(WQ) Extreme sports provide the adrenaline rush an endogenous-addict needs. Endogenous means the chemicals are coming from within -- adrenaline, oxytocin, norepinephrine, DMT, and compounds infamous illicit drugs (like cocaine, heroin, and LSD) mimic.
Craving and attempting to feed starving brains and nervous systems, deprived of adequate amounts of these compounds, one undertakes mindbogglingly difficult and dangerous stunts. Lamenting failures and miscalculations, one grieves for a long time (much longer than this life). What if such exalted states were achievable without the risk?
The strange behavior of ascetics -- fasting, meditating, focusing, and extreme austerities -- also release these substances. But with meditation one is able to control and extend the states achieved, be it absorption (jhana), joy (piti), bliss (sukha), or transpersonal knowledge-and-vision (insight). Most people settle for the controlled rush of fear from scary or stimulating movies, the mindless abandon of stupefying drinks and drugs that lower inhibitions one cannot lower otherwise, or the vicarious watching of extreme sports.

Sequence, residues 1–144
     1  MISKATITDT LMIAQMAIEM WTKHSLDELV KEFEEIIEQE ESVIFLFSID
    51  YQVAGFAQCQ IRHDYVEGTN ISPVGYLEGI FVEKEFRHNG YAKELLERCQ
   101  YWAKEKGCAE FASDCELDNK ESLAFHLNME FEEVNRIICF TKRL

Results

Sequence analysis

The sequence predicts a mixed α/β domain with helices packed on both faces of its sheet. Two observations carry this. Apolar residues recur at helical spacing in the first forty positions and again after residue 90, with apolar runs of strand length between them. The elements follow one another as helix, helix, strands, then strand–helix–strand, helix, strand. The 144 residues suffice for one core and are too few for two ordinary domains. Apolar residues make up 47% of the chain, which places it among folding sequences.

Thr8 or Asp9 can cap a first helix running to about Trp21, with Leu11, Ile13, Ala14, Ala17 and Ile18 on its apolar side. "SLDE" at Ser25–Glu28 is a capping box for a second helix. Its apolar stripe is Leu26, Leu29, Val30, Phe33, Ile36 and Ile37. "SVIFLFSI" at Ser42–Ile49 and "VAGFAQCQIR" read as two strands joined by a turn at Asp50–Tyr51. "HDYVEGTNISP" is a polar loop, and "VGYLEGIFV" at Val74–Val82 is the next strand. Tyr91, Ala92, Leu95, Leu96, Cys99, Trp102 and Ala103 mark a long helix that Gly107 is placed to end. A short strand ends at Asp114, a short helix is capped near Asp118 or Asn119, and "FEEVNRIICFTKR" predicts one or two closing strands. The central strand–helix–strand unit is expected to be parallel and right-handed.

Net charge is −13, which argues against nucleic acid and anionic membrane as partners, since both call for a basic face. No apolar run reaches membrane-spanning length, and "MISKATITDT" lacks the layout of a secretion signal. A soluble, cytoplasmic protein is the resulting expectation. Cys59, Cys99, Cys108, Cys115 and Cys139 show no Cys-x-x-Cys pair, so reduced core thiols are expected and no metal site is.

Might meditation, as tedious and boring as it appears from the outside, be more enthralling and more beneficial? Why else would people sit and keep sitting? It might be good to try both say, for example, meditating at Coachella (or one's own local Woodstock-style festival).
Humans crave alterations of consciousness, even as children spin themselves and adolescents experiment with everything they can get their hands on, and adults bring themselves to ruin with. And meditation has provided such alterations even before the Buddha's rediscovery of enlightenment.